From Climate and Land Degradation.

A. Human Systems

Degradation is due to a complex mix of many types of human activity, including many interlocking threads of the human societal system.

human factors influencing land degradation and renewal
Schematic graphic showing how drylands can be developed in response to changes in key human factors.
Left: Developments that lead to a downward spiral of desertification.
Right: Developments that can help avoid or reduce desertification. In this development, land users respond to stresses by improving their agricultural practices on currently used land. This leads to increased livestock and crop productivity, improved human well-being, and political and economic stability. Both development pathways occur today in various dryland areas.
From Millennium Ecosystem Assessment (2005): Ecosystems and Human Well-Being. Desertification Synthesis.

  1. Population Increases.
    Nomadic peoples lived in harmony with drylands for thousands of years. Land degradation begins when populations increase to the point that the land can no longer sustain the people.

    For example, the population of Maradi Province, Niger in the west African sahel increased from 0.56 million in 1960 to 1.39 million in 1998 accompanied by migration of farmers into northern areas where farmland was free (Reynolds and Smith, 2007). As a result—

    Niger is a country with chronic food shortages. Every year, during the "hunger season," there is a significant increase in the number of children aged five years and under who will face acute malnutrition. The intake of food, both in terms of quality and quantity, is insufficient to meet the nutritional needs of young children. This, combined with diseases such as malaria, diarrhea, and acute respiratory infections, causes high levels of death among children in the country.
    From Doctors Without Borders

  2. Unsustainable Agricultural Practices
    Large populations relative to what the land can support leads to attempts to grow too many crops. Cropland in drylands needs time to recover from growing crops when no fertilizer is used. if the land is replanted to soon, fertility declines, loss of soil humus, and poorer soils. If the crops are irrigated without good management practices, the soil becomes too salty, and crops can no longer be grown.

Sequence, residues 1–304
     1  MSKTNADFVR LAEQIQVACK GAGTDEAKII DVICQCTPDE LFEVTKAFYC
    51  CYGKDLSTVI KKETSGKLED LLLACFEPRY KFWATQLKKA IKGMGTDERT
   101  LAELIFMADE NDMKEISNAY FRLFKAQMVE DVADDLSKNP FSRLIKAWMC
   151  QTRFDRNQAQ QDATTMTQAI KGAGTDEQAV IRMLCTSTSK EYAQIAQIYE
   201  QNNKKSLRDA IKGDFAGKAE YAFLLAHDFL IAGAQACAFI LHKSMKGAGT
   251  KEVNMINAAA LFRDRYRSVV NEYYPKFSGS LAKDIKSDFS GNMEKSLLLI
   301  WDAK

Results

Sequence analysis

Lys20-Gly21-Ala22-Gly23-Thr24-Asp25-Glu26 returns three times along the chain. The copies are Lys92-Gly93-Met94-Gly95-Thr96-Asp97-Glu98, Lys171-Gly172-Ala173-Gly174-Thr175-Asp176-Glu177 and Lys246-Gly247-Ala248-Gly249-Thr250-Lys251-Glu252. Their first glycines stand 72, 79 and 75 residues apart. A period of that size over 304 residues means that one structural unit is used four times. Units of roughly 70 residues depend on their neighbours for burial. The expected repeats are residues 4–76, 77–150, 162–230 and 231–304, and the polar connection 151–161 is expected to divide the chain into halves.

3. Overgrazing
    Too many people trying to raise too many animals leads to overgrazing. This removes grass cover and vegetation, causes soil compaction, and leads to high rates of wind and water erosion. Overgrazing is made worse by the conversion of traditional rangelands to crop lands, cities, roads, and industrial sites. All reduce the acreage available for grazing.

  4. Deforestation
    People use wood for cooking and heating. When the population is too large, forests are destroyed to obtain wood. Forests are also cut or burned to make way for crops (slash-and-burn agriculture),or to obtain wood for export.

  5. Bad Government
    Unsustainable agriculture, overgrazing, and deforestation are the result of poor planning, laws, and regulations by governments. Wise governments recognize the importance of the land and plan appropriately. Poor governments do not. Laws, economic policy, land rights, and the wisdom of government officials are all inter-related. The type of government is much less important. Strong central governments have led to wise use of the land (Japan under the Tokugawa rule in the 17th century) or to disaster (the Soviet Union in the 20th century).

    For example, the Soviet Union's policy to expand agriculture into drylands, by diverting water from the Amu Darya and Syr Darya rivers into the desert for irrigation, led to widespread land degradation and drying up of the Aral Sea.

    Indeed, the only large-scale ecosystem collapse of modern times – the case of the Aral Sea – is intimately tied to a chain of decisions emanating from the former Soviet State, translated into large, inefficient irrigation systems on the two rivers feeding the sea. From IGBP Global Land Project.

  6. Poverty
    Poverty reduces the options for improving land use, and aggravates degradation. Poor nations seek income by exporting crops or minerals to developed countries. The push to increase cropland leads to unsustainable agricultural practices.

  7. Globalization
    It removes barriers to the trade in commodities such as crops or minerals. Developments in one part of the world influence developments in other parts. As a result, European demand for crops leads to increased farming in African drylands, leading to degradation.

  8. Inappropriate Technology and Advice,
    For example, the Soviet Union paid for the Aswan High Dam, which reduced the flooding of the Nile valley in Egypt, reducing the fertility of the land, and leading to the encroachment of the Mediterranean Sea into the Nile delta.

  9. Colonial Legacy.